When this system falls out of balance, especially if your food intake isn’t matching your energy output, that can spell trouble for your glucose levels. Low levels (hypoglycaemia) bring about shakiness, irritability, weakness, and irregular heartbeat. High levels are problematic, too, especially over time.
The brain and nervous system rely solely on glucose for their energy source.
High levels of sugar overload the liver, increase inflammation, and lead to higher amounts of stored fat. “Bathing your cells in high glucose levels is damaging to them, which is where you get vascular disorders, cardiovascular disease, and neuropathy [numbness and pain, usually in the hands and feet from nerve damage],” says Lim.
You also don’t want your insulin to spike and crash over and over throughout the day, as it can when you eat simple carbohydrates without fibre and/or other macronutrients that slow digestion and absorption into the bloodstream. When you have a large spike, your body needs to release more insulin to bring those levels down. Repeat that process over and over and you can develop insulin resistance where the cells become unresponsive to insulin and let the excess sugar course through your system. That sets the stage for chronically high glucose levels and Type 2 diabetes.
On the general health front, a CGM can be a powerful tool, Lim says. “I don’t drink soda anymore. Liquid carbs crank up your blood sugar levels. That’s why Coke is so good when you’re working out, but so bad when you’re just sitting there on your sofa watching a movie. I also don’t eat carbs without protein or fat to stabilise the digestion and absorption of the sugar.”
The takeaway: You want your glucose levels high when you’re busting your butt, but to stay lower when you’re not. That requires looking at what you eat, but also when you eat, your state of mind, and your overall lifestyle.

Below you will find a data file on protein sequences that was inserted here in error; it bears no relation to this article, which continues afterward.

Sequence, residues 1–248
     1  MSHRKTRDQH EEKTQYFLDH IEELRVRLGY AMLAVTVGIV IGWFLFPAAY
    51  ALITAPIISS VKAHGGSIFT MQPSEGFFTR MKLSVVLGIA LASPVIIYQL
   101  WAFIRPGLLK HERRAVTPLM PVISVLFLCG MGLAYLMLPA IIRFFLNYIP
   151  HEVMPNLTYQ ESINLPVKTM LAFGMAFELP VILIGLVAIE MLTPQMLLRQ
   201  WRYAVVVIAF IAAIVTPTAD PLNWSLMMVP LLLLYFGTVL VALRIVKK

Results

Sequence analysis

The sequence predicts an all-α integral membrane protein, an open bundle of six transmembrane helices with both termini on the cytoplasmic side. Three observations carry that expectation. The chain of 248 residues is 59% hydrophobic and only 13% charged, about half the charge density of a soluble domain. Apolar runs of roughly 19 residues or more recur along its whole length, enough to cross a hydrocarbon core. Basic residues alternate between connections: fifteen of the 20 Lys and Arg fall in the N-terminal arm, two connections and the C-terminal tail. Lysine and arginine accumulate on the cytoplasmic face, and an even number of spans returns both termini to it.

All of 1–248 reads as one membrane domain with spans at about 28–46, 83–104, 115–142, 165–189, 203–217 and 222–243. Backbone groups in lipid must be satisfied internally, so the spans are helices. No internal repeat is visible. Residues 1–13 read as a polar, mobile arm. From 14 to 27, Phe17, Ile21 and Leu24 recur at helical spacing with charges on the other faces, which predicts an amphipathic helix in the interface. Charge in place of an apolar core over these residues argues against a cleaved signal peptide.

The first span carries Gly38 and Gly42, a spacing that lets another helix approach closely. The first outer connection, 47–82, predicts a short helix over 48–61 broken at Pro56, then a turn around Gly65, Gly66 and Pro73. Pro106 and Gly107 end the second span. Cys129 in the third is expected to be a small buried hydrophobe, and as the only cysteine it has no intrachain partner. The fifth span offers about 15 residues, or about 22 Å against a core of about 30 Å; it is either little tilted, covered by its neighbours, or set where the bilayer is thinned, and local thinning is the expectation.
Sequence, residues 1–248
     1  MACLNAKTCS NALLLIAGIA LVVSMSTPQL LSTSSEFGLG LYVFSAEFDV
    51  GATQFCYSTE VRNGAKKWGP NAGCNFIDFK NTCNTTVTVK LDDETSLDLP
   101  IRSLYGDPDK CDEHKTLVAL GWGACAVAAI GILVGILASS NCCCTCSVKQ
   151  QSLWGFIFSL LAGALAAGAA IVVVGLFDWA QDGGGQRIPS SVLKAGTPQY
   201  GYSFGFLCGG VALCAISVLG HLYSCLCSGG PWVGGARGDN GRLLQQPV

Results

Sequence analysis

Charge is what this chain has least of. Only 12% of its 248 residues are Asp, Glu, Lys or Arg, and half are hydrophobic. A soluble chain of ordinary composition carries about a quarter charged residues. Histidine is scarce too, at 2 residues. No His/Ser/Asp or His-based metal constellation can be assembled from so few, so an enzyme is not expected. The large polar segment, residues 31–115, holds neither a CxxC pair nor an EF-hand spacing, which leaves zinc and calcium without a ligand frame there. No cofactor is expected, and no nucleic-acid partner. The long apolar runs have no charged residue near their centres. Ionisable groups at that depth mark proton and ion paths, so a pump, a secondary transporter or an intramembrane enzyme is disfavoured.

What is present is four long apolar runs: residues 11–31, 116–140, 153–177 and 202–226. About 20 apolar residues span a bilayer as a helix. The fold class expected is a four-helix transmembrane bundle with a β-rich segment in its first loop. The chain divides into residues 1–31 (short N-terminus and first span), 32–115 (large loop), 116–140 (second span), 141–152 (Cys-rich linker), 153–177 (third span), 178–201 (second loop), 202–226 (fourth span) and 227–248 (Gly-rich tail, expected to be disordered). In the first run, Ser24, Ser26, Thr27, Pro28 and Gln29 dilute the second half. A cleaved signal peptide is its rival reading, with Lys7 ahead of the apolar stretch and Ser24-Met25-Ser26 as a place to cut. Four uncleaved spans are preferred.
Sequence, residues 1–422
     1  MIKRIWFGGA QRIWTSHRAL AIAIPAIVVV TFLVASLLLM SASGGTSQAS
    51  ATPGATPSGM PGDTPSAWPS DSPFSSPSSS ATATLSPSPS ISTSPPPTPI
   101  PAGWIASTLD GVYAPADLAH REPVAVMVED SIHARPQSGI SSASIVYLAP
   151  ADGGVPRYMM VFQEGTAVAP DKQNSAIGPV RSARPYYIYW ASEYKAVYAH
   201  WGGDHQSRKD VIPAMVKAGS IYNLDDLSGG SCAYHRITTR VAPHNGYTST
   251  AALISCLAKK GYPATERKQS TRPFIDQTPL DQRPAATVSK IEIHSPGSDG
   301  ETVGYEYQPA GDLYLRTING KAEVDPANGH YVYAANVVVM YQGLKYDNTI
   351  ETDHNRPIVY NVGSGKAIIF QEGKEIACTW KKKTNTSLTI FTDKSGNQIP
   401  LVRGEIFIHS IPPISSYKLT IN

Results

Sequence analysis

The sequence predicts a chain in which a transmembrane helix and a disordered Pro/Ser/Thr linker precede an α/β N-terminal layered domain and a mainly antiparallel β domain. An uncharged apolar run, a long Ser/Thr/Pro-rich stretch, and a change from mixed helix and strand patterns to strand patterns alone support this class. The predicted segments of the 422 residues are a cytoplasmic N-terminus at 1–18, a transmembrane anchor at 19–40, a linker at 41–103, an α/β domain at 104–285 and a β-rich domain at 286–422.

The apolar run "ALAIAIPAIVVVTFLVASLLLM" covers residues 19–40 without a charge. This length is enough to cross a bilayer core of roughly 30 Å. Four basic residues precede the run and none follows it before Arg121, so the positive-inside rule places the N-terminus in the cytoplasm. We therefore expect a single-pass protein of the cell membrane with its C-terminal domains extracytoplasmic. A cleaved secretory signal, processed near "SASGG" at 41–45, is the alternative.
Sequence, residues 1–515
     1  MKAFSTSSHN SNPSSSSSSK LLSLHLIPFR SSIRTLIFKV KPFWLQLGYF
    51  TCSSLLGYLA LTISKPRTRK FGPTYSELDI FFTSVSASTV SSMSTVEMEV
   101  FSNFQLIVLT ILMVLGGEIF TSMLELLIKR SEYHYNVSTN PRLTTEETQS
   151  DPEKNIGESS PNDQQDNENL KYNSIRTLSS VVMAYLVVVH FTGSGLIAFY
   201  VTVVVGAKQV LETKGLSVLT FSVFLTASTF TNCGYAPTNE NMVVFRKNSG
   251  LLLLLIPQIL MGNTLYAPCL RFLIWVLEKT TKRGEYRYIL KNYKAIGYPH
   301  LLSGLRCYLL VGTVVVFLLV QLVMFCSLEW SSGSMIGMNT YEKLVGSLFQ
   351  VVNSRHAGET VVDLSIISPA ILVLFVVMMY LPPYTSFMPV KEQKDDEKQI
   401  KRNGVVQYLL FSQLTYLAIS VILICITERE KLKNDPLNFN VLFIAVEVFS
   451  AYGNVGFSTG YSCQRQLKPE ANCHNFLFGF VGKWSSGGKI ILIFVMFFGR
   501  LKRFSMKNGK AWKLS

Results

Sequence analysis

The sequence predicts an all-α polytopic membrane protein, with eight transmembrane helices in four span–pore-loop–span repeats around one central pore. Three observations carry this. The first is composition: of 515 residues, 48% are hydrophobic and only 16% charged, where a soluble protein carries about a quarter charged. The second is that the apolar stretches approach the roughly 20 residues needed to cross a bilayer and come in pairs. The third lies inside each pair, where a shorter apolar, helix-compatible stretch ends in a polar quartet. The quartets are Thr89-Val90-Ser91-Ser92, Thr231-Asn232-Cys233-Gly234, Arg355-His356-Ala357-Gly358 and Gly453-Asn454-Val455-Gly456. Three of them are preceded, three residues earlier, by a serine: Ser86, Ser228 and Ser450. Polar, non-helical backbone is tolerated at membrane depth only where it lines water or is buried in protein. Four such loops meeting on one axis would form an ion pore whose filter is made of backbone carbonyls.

How can a CGM help with performance?
CGMs help you fine tune your fuelling strategy before, during, and after a ride.
It’s easy to think of a CGM like a fuel gauge for your car: when your numbers show your glucose levels are “full” you’re good to go; when they show you’re running low, it’s time to fuel up. But it’s not that simple.
While it is useful to be able to see where your glucose levels are and if they’re trending up or down (which the Supersapiens app shows), cycling physiology is complex and there are many factors that go into how you’re feeling at a given moment, including hydration, electrolyte status, and body temperature.
A CGM can be a good tool to help you understand what you’re feeling, though. If you’re cruising along several hours into a long event and you’re starting to feel off, checking your glucose levels can help you determine if you need food or if it’s something else. That way you don’t automatically shovel in a packet of energy blocks and find yourself with a case of gut rot.
It can also help you understand the lag time between the fuel you take in and the increase in glucose with different foods and drinks, which can help you time your fuelling better.
Overall, the real value of CGMs is just that: dialling in your fuelling plan during and around training rather than trying to use it in real time as a fuel gauge. That’s why the Supersapiens app focuses on three elements—prime, perform, and recovery. And here’s where CGMs can come into play in each of those settings.
Dialling in your nutrition before a ride or race
CGM technology is very useful for pre-ride and pre-race fuelling strategies, Lim says. When you eat, glucose levels rise, which triggers insulin to bring blood sugar down by moving it into muscle. That’s generally a good thing. But if you start exercising in that window, you also have your contracting muscles moving even more glucose out of the bloodstream.